Employees across all surveyed companies who said they have a great workplace were 12 times more likely to express a commitment to stay with their employers for a long time. A shared sense of fairness is an essential component of this type of high-trust environment, and one that has changed more dramatically than any other area over the past 20 years.

Prediction 2: Increased focus on developing all employees.

Over the past 20 years, best Companies have consistently stood apart for their efforts to help employees reach their full potential. This trend is still true today. For example, the average company on the 1998 list offered employees approximately 35 hours per year of training and development. By 2017, that number grew to more than 58 hours for hourly employees, and 65 hours for salaried employees - a 76% increase since the first FORTUNE 100 Best Companies list.

Prediction 3: A deeper sense of purpose for all employees

Across the 100 best companies, 84% of employees reported that their work has “special meaning: this is not ‘just a job’ and 87% feel they “make a difference here”. While fostering a sense of purpose at work has always been crucial to a strong workplace culture, this is an area where leaders are now placing renewed focus. And, studies show that employees too (Millennials in particular) are placing a higher premium on feeling a sense of purpose at work. Given this, they predict that this area will become an increasingly significant priority for organizations.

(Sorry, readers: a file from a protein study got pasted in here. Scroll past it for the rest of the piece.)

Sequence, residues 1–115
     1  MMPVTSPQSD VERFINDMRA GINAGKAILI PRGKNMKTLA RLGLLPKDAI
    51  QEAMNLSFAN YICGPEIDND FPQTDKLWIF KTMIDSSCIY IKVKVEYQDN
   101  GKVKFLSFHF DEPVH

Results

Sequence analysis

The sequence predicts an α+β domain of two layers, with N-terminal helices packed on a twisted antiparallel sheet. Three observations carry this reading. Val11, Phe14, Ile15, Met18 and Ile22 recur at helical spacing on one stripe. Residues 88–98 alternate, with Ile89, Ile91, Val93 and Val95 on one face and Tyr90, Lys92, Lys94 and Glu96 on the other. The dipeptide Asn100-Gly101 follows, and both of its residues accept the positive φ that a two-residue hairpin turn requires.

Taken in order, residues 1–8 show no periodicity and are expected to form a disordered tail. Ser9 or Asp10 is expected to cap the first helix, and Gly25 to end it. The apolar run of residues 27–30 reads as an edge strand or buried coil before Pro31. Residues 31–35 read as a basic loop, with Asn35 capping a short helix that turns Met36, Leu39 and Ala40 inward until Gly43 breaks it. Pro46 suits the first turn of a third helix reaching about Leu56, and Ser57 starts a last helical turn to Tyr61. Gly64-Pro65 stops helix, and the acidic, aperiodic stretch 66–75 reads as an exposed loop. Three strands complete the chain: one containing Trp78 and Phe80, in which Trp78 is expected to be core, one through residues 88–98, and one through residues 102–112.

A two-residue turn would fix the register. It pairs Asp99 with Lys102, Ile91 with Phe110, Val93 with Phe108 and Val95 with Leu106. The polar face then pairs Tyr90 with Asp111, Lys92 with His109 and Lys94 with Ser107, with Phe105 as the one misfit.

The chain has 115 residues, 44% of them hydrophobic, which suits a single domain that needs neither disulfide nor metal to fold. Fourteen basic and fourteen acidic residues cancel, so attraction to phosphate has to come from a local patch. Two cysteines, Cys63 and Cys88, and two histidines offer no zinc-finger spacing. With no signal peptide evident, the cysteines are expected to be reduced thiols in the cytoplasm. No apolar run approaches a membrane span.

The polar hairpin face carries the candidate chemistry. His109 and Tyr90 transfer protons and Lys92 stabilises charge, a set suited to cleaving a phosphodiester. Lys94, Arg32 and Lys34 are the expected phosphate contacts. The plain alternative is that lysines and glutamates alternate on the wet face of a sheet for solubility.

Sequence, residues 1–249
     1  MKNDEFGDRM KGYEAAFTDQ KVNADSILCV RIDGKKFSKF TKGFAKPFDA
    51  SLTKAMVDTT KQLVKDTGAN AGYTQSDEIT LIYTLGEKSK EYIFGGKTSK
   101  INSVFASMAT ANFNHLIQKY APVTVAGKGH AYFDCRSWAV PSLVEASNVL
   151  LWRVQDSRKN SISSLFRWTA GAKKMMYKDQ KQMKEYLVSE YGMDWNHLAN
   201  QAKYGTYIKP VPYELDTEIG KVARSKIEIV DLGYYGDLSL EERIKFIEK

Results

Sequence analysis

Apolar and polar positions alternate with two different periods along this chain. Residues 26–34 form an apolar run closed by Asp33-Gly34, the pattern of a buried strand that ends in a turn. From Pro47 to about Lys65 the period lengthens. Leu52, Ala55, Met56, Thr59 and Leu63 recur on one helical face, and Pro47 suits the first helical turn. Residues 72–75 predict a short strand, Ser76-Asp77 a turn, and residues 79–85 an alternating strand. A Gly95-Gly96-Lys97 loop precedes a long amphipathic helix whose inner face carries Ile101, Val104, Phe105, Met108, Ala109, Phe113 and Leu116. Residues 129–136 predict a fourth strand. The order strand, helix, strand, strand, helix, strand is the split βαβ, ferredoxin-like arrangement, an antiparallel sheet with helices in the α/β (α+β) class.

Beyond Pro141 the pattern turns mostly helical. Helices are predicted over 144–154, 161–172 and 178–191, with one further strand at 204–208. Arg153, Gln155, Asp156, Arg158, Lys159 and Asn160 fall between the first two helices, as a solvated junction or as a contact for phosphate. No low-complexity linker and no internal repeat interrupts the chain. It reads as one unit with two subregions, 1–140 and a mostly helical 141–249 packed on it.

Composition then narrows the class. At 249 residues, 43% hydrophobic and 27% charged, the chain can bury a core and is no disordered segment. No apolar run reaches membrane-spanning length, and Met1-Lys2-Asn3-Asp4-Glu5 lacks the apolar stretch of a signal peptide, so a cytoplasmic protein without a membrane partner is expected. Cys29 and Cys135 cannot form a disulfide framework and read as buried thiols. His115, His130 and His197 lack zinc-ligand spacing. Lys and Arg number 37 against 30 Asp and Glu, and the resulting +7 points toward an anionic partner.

The younger generations also want to burn without burning out, which means that they feel less of a need to earn lots of money. They would instead work for little money in a job they love than for lots of money in a job they hate. All they want is to earn enough.

If we look at all these trends the common link that we can establish between them is the importance of the human force and well-being and the significance of technology which plays a major part in the emergence and evolution of a few of these trends.

While there are rapid changes and expansion of technology and various other sectors in the workplace, it is important for organisations to be equipped to handle them and therefore, evolve and master and implement these emerging trends to thrive. What can we do to effectively improve the implementation of these trends?”


About the author

Hi! I am C G Abilasha, I am doing my triple major in Psychology, English literature and journalism from Mount carmel college, Bangalore. I love all things related to the mind and how it works and how we can use and change it. But, Do I know any psychology jokes, you ask? I am A-Freud not. I’m interested in pursuing I/O psychology in the future. In my free time, you will find me playing with my dog and reading books.



Marvin D. Dunnette (1998).Emerging Trends and Vexing Issues in Industrial and Organisational Psychology. , 47(2), 129–153. doi:10.1111/j.1464-0597.1998.tb00018.x

Work/Life Integration. (2019, March 20). Berkeley Haas.

Boogaard, K. (2020, May 6). What is work-life integration anyway? Work Life by Atlassian.

Gourani, S. (2019, May 4). This is How the Future of Work-Life Balance Will Look Like. Forbes.

Wikipedia contributors. (2021, February 4). Internet recruiting. Wikipedia.

Training Industry, Inc. (2019, April 3). The Future of Corporate Learning: Stepping Into Another Dimension. Training Industry.